Summary of Recommendations: The 9/11 Commission Report

B-303692: Sep 9, 2004

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GAO testified on August 3, 2004, to assist the Committee on Government Reform in its consideration of the 9/11 Commission's recommendations. GAO has been actively involved in improving government's performance in the critically important homeland security area. During the question-and-answer period of the testimony Congressman Christopher Shays asked us to prepare a summary of the Commission's recommendations and provide GAO's opinion as to whether the particular recommendations could be implemented administratively or required legislation to implement. This report summarizes our response to this request.

Summary of Recommendations -- the 9/11 Commission Report, B-303692, September 9, 2004

B-303692

September 9, 2004

The Honorable Tom Davis

Chairman
Committee on Government Reform

House of Representatives

Dear Mr. Chairman:

We appreciated the opportunity to testify on August 3, 2004, and assist the committee in its consideration of the 9/11 Commission's recommendations. As I testified, GAO has been actively involved in improving government's performance in the critically important homeland security area. And we look forward to continuing to work with your committee as it considers the many areas identified by the Commission as in need of reform.

During the question-and-answer period of my testimony Congressman Christopher Shays asked us to prepare a summary of the Commission's recommendations and provide GAO's opinion as to whether the particular recommendations could be implemented administratively or required legislation to implement. Enclosed is the summary my staff prepared in response to this request. Each item lists the contacts within GAO's General Counsel's office who are available to consult with your staff as needed.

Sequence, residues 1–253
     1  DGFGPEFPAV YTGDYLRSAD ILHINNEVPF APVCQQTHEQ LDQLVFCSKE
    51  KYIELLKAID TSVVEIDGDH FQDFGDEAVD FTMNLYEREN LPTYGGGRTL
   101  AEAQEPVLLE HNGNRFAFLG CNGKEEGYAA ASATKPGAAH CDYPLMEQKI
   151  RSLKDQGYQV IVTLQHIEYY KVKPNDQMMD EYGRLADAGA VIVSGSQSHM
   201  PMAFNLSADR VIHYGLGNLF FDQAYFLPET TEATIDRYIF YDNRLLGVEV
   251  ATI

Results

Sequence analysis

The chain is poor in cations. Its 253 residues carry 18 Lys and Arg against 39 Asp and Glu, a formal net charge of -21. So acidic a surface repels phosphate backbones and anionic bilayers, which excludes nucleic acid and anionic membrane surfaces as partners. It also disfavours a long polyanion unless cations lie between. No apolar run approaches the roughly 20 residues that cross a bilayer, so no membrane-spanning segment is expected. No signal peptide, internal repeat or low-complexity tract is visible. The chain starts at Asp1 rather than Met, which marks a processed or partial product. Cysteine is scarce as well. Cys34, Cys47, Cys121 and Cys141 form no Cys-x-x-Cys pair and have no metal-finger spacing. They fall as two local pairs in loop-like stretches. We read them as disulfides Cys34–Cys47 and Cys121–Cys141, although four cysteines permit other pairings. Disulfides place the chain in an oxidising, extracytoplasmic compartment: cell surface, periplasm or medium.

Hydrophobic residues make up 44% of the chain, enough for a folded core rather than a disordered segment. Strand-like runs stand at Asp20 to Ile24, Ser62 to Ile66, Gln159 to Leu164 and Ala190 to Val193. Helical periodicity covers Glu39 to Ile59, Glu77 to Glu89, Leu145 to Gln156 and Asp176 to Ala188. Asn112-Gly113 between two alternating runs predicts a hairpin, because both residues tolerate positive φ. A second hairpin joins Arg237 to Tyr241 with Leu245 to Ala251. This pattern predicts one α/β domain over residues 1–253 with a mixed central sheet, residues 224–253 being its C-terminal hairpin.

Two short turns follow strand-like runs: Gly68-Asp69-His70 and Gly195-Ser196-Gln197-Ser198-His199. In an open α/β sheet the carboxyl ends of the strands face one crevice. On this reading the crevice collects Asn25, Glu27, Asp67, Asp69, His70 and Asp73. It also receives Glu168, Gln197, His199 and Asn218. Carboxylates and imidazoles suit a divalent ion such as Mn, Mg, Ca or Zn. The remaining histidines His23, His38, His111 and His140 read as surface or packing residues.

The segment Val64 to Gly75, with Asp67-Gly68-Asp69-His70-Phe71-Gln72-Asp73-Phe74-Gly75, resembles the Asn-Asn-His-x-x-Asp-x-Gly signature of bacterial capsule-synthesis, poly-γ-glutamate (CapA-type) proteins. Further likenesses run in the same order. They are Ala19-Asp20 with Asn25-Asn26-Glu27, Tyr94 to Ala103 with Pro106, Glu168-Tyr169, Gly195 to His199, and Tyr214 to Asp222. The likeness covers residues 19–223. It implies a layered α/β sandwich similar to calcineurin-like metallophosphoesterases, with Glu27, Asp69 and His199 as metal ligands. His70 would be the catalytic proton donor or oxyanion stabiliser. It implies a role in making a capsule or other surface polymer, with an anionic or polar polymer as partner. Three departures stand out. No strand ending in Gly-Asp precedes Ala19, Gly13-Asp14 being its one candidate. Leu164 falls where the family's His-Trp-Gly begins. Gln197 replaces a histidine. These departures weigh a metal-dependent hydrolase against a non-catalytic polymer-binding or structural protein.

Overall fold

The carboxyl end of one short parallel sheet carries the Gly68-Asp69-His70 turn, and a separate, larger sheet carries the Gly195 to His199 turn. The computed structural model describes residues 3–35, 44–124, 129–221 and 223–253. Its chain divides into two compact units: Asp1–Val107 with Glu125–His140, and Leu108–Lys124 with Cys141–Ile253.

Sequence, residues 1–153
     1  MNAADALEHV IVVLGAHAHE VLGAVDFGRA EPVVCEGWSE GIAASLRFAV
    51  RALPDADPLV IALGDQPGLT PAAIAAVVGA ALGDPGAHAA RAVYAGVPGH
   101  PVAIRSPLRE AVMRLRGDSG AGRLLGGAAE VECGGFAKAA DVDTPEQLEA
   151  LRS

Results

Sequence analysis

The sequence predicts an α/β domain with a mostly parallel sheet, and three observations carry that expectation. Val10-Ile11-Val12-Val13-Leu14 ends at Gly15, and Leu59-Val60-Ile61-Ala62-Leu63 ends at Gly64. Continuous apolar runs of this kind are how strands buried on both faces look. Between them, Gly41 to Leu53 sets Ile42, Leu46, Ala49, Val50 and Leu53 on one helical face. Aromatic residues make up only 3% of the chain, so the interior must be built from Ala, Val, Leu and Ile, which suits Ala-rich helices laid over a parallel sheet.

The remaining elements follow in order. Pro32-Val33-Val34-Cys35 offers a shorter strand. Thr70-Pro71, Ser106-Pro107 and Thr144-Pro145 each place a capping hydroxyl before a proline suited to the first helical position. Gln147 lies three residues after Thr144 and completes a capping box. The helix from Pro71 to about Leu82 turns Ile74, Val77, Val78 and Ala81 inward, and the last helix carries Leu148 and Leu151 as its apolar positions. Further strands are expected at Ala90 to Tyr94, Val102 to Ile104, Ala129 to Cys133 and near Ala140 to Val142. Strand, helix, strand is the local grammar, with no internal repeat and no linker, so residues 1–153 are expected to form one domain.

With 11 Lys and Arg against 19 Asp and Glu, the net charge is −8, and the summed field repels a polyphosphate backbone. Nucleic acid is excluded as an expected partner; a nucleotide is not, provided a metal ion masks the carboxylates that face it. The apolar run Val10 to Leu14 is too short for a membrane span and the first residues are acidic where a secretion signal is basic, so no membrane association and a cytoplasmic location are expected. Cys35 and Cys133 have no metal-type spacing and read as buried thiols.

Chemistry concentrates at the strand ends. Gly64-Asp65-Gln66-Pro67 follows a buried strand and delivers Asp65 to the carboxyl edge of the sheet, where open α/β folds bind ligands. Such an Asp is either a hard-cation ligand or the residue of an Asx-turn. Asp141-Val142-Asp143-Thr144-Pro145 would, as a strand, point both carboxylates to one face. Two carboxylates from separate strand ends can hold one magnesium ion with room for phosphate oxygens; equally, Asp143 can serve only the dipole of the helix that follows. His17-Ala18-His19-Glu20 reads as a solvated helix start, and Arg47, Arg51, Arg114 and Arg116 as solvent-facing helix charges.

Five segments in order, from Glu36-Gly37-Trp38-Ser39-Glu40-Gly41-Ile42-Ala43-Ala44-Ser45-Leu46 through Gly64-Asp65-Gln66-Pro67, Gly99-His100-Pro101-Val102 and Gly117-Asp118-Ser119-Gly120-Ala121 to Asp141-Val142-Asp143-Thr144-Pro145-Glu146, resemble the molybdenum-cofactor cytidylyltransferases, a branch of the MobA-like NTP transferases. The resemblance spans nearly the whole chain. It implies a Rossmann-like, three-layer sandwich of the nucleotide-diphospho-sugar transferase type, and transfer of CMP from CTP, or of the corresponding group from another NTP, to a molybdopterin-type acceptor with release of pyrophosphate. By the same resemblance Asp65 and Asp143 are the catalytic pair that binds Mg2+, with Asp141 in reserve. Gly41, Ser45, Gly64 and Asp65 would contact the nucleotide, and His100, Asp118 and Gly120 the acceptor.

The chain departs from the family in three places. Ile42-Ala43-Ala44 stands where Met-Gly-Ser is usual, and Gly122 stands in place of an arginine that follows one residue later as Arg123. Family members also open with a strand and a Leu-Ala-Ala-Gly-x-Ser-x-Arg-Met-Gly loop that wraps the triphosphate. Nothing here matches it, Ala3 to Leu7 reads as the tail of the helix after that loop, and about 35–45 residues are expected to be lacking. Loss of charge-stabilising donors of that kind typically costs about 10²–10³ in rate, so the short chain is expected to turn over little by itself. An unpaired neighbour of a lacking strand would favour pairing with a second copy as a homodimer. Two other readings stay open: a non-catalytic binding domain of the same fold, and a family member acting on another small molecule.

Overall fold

Please let us know whether we can be of any further assistance on this matter.

Sincerely yours,

David M. Walker

Comptroller General

of the United States

Enclosure

cc: The Honorable Henry Waxman
Ranking Minority Member
Committee on Government Reform
House of Representatives

The Honorable Christopher Shays
Chairman, Subcommittee on National Security,
Emerging Threats, and International Relations

Committee on Government Reform

House of Representatives

The Honorable Dennis J. Kucinich
Ranking Minority Member
Subcommittee on National Security,
Emerging Threats, and International Relations

Committee on Government Reform

House of Representatives

B-303692

SUMMARY OF RECOMMENDATIONS

THE 9/11 COMMISSION REPORT

September 9, 2004

Table of Contents

Terrorist Sanctuaries. 2

Roots of Terrorism.. 4

Human Rights and Civil Liberties. 8

Weapons of Mass Destruction. 10

Terrorist Financing and Travel 11

Border and Transportation Security. 13

Resources, Federal Assistance, and National Standards. 19

Reorganizing the Intelligence Community. 23

Intelligence Budgets. 32

Information Sharing and Fusion. 33

Human Capital 35

Threat and Risk Assessment 36

Congressional Oversight 37

Security Clearances. 38

Appendix: Summary of Recommendations and Required Responses 39

SUMMARY OF RECOMMENDATIONS
THE 9/11 COMMISSION REPORT